Discuss Here!!! Book Club

Good evening educators,

We’ll use this thread for our discussion on Ta-Nehisi Coates’ Between the World and Me.  The questions are “How can I positively impact the education of AA students?” and “How do we sustain positive cultures, and how can we motivate and inspire students to learn?”  These questions provide a frame for our discussion; however, our discussion is not limited to these questions.  Feel free to pose your own questions.

27 thoughts on “Discuss Here!!! Book Club

  1. Let’s start off with general thoughts and questions. I think the book is great in that it’s an actual letter to his son. As a very personal letter, it resonates (and will resonate) with his son’s generation as they continue to come of age. As I read it, I read it almost like a guide book.

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    • Ok let’s try this again. The book took me back to my college days. I went to an HBCU 30 min. from Howard University. Coates hits it dead on with his description of the Mecca. Entertainers/ Rappers and other Black students would travel to the Mecca during Homecoming just to feel at home and safe even if just for one weekend. Entertainers would come to Howard University to get Cred and then put their music out to the world. It was the Mecca of knowledge and made our black bodies worth it, even if for one weekend.

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  2. I thoroughly enjoyed Coates book, and as a highly school English teacher, I am always thinking about how can I infuse great literature into my classroom in order to get students to critically think. Coates books is definitely one that I would use to get students to start thinking or to continue to think about race and if race is a social construct. We could also talk about the role of religion, and this could lead to discussions of how religion can be good, but it has also been used to justify slavery and many other atrocities in this country and other countries.. I am constantly turning ideas over and over in my mind, and I want my students to do the same, and I believe that Coates’ book is one that can help generate great thinking points to ponder for a long time….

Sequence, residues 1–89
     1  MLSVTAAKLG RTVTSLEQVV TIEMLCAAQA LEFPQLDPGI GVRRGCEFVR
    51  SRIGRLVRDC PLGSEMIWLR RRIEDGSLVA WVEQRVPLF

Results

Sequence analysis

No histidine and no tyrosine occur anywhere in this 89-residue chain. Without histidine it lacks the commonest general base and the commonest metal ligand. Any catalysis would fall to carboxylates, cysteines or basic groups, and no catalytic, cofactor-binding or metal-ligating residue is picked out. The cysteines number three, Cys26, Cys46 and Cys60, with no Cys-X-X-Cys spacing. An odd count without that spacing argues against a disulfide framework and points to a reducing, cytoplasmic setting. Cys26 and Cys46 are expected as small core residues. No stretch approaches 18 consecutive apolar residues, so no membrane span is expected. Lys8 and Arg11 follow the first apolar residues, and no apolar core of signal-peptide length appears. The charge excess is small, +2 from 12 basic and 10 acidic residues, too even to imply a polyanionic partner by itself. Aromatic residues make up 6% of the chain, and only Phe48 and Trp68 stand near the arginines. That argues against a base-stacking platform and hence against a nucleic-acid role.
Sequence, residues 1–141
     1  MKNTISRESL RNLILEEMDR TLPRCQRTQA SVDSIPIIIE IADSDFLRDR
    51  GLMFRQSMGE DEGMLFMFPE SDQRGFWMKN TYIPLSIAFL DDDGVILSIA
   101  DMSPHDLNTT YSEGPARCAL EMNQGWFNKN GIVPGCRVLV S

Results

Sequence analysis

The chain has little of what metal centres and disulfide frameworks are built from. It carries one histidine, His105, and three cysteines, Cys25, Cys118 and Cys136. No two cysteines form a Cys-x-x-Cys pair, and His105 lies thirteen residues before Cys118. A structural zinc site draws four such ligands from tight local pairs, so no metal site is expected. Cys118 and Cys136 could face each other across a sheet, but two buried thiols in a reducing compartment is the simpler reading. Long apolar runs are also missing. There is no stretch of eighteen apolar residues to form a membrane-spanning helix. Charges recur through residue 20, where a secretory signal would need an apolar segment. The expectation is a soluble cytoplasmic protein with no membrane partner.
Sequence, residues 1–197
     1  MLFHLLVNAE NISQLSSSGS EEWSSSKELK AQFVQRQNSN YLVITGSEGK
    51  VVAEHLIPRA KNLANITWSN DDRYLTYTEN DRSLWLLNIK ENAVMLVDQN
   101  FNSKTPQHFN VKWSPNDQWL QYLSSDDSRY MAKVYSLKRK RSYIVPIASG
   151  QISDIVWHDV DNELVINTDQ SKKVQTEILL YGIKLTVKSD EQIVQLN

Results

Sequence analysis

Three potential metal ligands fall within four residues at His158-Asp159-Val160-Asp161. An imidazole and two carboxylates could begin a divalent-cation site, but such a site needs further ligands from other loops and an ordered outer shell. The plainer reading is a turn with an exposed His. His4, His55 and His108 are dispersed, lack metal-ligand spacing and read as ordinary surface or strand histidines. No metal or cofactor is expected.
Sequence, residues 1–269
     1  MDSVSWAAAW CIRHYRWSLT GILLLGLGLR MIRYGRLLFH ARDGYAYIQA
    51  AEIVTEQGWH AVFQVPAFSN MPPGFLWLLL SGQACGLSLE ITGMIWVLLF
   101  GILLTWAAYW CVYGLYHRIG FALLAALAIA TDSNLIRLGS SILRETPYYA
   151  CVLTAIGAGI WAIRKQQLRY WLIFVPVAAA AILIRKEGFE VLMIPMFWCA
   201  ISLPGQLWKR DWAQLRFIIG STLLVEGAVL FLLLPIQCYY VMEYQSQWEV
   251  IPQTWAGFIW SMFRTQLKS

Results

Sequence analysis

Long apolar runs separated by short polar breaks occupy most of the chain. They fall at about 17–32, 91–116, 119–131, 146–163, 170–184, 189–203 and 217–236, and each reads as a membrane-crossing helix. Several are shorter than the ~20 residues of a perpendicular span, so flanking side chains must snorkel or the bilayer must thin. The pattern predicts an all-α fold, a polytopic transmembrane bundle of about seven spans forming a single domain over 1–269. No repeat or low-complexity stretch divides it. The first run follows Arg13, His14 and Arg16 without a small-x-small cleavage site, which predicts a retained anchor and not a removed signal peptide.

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  3. I had no idea that this is many kids reality in certain parts of the country. I can’t imagine not having to enjoy life because I’m constantly thinking about how to survive once I leave the school building or home or any other safe haven… I know my students share some of his struggles but not nearly to this extent.

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  4. Jackie, I agree. Race as constructed is a ongoing trope throughout the his letter. On your amazing blog http://www.theseaisfull.com :), you mentioned a quote “In this way Racism is rendered as the innocent daughter of Mother Nature…” and also school not being a site of liberation for students. Can you talk more about that?